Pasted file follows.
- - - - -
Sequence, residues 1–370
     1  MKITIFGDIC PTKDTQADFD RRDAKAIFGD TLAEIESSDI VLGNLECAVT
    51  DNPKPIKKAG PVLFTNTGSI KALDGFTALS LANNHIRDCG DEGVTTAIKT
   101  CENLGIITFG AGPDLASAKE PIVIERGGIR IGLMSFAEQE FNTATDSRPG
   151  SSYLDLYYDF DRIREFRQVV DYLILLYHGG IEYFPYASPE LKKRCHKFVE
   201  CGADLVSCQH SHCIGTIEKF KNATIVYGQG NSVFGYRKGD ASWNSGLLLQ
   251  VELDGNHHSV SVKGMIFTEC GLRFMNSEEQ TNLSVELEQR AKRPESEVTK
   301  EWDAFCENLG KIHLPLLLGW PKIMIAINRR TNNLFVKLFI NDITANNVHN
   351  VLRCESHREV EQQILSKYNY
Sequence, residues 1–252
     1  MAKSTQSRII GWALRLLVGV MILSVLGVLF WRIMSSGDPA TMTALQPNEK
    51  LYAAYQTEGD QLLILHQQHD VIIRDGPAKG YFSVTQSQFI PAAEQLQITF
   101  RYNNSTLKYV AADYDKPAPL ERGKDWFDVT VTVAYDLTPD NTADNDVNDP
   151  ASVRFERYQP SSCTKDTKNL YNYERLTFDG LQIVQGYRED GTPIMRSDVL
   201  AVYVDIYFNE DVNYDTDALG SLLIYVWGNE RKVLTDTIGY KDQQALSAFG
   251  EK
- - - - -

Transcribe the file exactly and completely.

Sequence, residues 1–370
     1  MKITIFGDIC PTKDTQADFD RRDAKAIFGD TLAEIESSDI VLGNLECAVT
    51  DNPKPIKKAG PVLFTNTGSI KALDGFTALS LANNHIRDCG DEGVTTAIKT
   101  CENLGIITFG AGPDLASAKE PIVIERGGIR IGLMSFAEQE FNTATDSRPG
   151  SSYLDLYYDF DRIREFRQVV DYLILLYHGG IEYFPYASPE LKKRCHKFVE
   201  CGADLVSCQH SHCIGTIEKF KNATIVYGQG NSVFGYRKGD ASWNSGLLLQ
   251  VELDGNHHSV SVKGMIFTEC GLRFMNSEEQ TNLSVELEQR AKRPESEVTK
   301  EWDAFCENLG KIHLPLLLGW PKIMIAINRR TNNLFVKLFI NDITANNVHN
   351  VLRCESHREV EQQILSKYNY
Sequence, residues 1–252
     1  MAKSTQSRII GWALRLLVGV MILSVLGVLF WRIMSSGDPA TMTALQPNEK
    51  LYAAYQTEGD QLLILHQQHD VIIRDGPAKG YFSVTQSQFI PAAEQLQITF
   101  RYNNSTLKYV AADYDKPAPL ERGKDWFDVT VTVAYDLTPD NTADNDVNDP
   151  ASVRFERYQP SSCTKDTKNL YNYERLTFDG LQIVQGYRED GTPIMRSDVL
   201  AVYVDIYFNE DVNYDTDALG SLLIYVWGNE RKVLTDTIGY KDQQALSAFG
   251  EK